For over half a century, radar has been a permanent feature of surveillance activities. Practically unaffected by meteorological conditions, it operates independently of sunlight, while its detection ranges and the angular domain it covers make it an essential tool for continuous surveillance of a very wide area. Over the last fifty years, radar operational capability and performance have continued to improve, and one can safely assume that this will hold true for the coming decades.
This book, devoted to airborne and spaceborne radar, avoids a purely theoretical approach and is certainly not intended for an “elite” group of specialists. Rather, it is a practical tool that we hope will be of major help to technicians, student engineers, and engineers working in radar research and development. The many users of radar, as well as systems engineers and designers, should also find it of interest.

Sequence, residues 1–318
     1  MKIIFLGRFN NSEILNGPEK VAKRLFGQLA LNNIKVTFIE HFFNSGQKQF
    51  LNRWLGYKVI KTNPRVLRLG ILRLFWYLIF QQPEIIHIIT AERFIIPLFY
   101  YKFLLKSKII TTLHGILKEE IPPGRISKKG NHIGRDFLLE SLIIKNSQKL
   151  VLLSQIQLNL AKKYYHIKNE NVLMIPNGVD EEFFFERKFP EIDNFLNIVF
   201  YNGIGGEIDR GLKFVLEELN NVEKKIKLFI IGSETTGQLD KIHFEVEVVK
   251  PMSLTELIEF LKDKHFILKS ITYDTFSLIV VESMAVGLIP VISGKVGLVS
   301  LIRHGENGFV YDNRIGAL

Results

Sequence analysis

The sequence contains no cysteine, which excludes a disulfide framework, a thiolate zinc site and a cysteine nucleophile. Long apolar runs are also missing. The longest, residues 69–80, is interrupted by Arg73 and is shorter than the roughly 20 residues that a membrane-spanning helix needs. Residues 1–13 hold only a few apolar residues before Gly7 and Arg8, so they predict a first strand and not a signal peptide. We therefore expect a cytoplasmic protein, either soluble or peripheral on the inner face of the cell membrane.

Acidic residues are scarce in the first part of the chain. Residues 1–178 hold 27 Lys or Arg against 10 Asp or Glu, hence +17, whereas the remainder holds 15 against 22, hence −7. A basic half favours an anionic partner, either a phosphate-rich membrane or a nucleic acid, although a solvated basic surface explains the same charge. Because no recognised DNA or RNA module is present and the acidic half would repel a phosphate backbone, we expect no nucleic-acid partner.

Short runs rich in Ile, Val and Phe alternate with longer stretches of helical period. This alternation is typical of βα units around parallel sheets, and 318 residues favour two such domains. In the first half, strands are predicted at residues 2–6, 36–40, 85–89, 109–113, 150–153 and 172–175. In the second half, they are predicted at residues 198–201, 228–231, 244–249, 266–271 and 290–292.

Airborne and spaceborne radar systems, themselves highly complex systems, are fitted to mobile and often rapidly changing platforms that contain many other items of equipment. Radar can therefore not be
considered as a separate entity. Its design must ensure its “compatibility” with the systems of which it forms a part, and with the dense electromagnetic environment to which it is often exposed. Naturally, and
most importantly, it must also satisfy operating requirements.
Radar technology evolves at a rapid pace and can quickly appear obsolete. For this reason it is only briefly developed in this work. However, we have taken the major trends into account when describing the next generation of radars, as their feasibility is largely dependent on these new developments.
The book is divided into five parts:
• General Principles
• Target Detection and Tracking
• Ground Mapping and Imagery
• Principal Applications
• Radars of the Future